(For those who aren't aware, I'm pretty keen on history, Ancient Greece especially. A few years back I had a cool idea for a story: what If Artemis and Athene/Athena/Whatever competed over a guy? They're eternal maidens in mythology, and never really pair up with anyone, so I thought it'd be fun to write my own myth about that. I'd even try writing it in the Homeric style, and pretend it was the last great epic poem, a last roar from the Age of Heroes.
The idea did not get far. It was one of those 'oh yeah this'll be really cool for a few days before I run out of steam and forget about it' ideas. Still, I've decided to publish a bit of it here. Maybe I'll even write more of it in the future, who knows. Anyway, hope whoever's reading this likes epithets!)
 The next day, Penthilus, Son of Oinops, sat in council with the Great King of Ephesus. They talked at length about the finer points of statecraft; the expansion of the southern wall, traders from the Northern coast, and finally about the destiny of the Ephesians and Tyrians.
 ‘O King, we must come to an accord with the Tyrians to the East. Though they may have performed recent transgressions against us, I believe we may yet reconcile our peoples. It is well-known that the purple-clad Tyrians are great seafarers, having shackled the waves to their will, and spread the seeds of civilisation across Oceanus. The well-worn walls of their city betray their wars with the Egyptians, those mighty monument-builders, yet even their engineers could not breach the island citadel. Such success can only be attributed to the gods, and under Athene’s watchful gaze they have prospered in all things.’
 Then Thestor asked Penthilus to elaborate, for he was unfamiliar with how such universal prowess came to be.
 Then Penthilus, that peerless speaker, began to sing of the tales of Tyre, and how she became the most prosperous of foreign cities.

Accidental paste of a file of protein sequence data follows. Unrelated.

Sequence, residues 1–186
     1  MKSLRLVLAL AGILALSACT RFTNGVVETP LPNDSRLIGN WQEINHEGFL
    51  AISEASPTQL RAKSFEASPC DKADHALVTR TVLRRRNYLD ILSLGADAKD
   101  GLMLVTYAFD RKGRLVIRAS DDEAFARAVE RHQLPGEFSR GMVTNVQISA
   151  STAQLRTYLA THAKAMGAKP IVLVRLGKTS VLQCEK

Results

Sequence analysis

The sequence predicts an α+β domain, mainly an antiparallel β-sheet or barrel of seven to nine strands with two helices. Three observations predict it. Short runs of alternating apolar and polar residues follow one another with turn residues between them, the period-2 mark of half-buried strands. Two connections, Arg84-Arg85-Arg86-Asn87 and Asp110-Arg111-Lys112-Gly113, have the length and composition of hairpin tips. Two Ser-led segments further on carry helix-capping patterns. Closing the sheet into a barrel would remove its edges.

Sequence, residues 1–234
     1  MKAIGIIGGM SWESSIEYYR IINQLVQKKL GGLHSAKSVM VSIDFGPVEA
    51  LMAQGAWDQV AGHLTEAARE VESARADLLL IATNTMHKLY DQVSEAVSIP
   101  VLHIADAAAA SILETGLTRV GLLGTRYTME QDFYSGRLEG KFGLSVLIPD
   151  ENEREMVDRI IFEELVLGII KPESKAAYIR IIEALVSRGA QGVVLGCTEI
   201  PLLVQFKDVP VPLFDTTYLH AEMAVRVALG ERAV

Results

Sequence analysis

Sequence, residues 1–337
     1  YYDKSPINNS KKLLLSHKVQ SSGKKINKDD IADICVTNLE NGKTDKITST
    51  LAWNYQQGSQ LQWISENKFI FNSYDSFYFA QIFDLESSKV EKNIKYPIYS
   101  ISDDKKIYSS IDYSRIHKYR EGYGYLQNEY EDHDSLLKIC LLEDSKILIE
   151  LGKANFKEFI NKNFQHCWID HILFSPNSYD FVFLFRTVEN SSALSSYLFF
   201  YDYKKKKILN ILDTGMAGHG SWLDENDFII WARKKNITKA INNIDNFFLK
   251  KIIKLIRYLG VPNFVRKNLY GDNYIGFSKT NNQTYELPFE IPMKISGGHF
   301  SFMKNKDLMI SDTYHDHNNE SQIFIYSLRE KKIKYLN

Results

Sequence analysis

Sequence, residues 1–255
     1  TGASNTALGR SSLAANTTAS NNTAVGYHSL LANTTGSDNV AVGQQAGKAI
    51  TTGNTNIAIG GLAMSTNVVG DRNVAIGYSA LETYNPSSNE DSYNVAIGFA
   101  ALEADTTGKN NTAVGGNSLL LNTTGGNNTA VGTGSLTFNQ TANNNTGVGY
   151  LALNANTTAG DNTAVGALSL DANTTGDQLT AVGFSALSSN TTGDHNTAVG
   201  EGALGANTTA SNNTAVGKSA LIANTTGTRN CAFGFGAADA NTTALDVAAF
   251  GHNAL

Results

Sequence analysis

Penthilus began: ‘it is said that the foundation of Tyre came about when a group of warriors became stranded after a tempest. As the days came and went, the warriors began to quarrel amongst themselves, fighting over what little food and water they had left. Eventually, only two warriors remained, bloodied and exhausted, and they each collapsed to the ground. Upon awakening, they found a maiden tending a fire amongst the battle gore, who announced she had only one loaf of bread to spare. Crazed by hunger, one of the warriors rushed the maiden, whereupon he burst into flames. The remaining warrior, terrified of the power of the maiden, fell to his knees and prostrated himself in front of her. ‘’Fear not my wrath, mortal, for the intended contest is now moot. I am Pallas Athene, bearer of the aegis; I beseech you, heed my advice, or your quarrel may continue eternally in the Asphodel Meadows. Firstly, you must bury your comrades properly, so their turbulent souls may rest. Secondly, feed the fire with what wood you find, that it may rise to a great beacon of light. When the flames lick the sky, immediately douse them so that naught but smoking cinders remain. Search the ash, and you will find the salvation you seek.’’ Thus spoke Pallas, goddess of the flashing eyes. The warrior did as he was heeded; he buried his comrades, so their turbulent souls could rest; he fed the fire with what wood he could find, forsaking all shade and shelter, and once its flames licked the sky, he doused them with the last of the water. Yet when he sought salvation in the ash, he found nothing at all. The wicked god had played the cruellest of tricks on the fallen warrior and driven him to mad deeds with her honeyed words. His soul, unburied, paced the banks of the Styx alone, muttering invocations to the gorgon-slayer, forever unheeded, until Hera, the protector of men, took pity on him, and arranged for some merchants to stumble across his ruined body. They found his remains at the foot of a crude image of Athene, drawn in ash, and imagined it must be a sign of the god’s favour. They buried his remains, and his sprit was finally allowed to re-join his comrades. Upon the bones of a madman was their city founded, and they have forever maintained a pious respect to both Pallas and Hera. For this, they have prospered in all things.’
 Of their wars with the Egyptians, Penthilus said this: ‘the Egyptians, when incited to war, are fierce opponents. Yet when confronted with the heights of the Tyrian walls even they found their skills wanting. The island citadel stands tall, unfaltering, like a mighty lion over the pride. No simple assault, by land or sea, can cause a breach. The Egyptians have, in the past, relied on the prophecies of the Siwan oracle, from which the wisdom of Zeus, leader of the fates, is relayed by the oracles there. The arrogant Egyptians rejected any visions of defeat and trusted in their strength of arms alone. The wine-dark sea became corrupted by their blood, and their siege camp can still be visited now, where one can observe what ruinous splendour those monument-builders left behind.’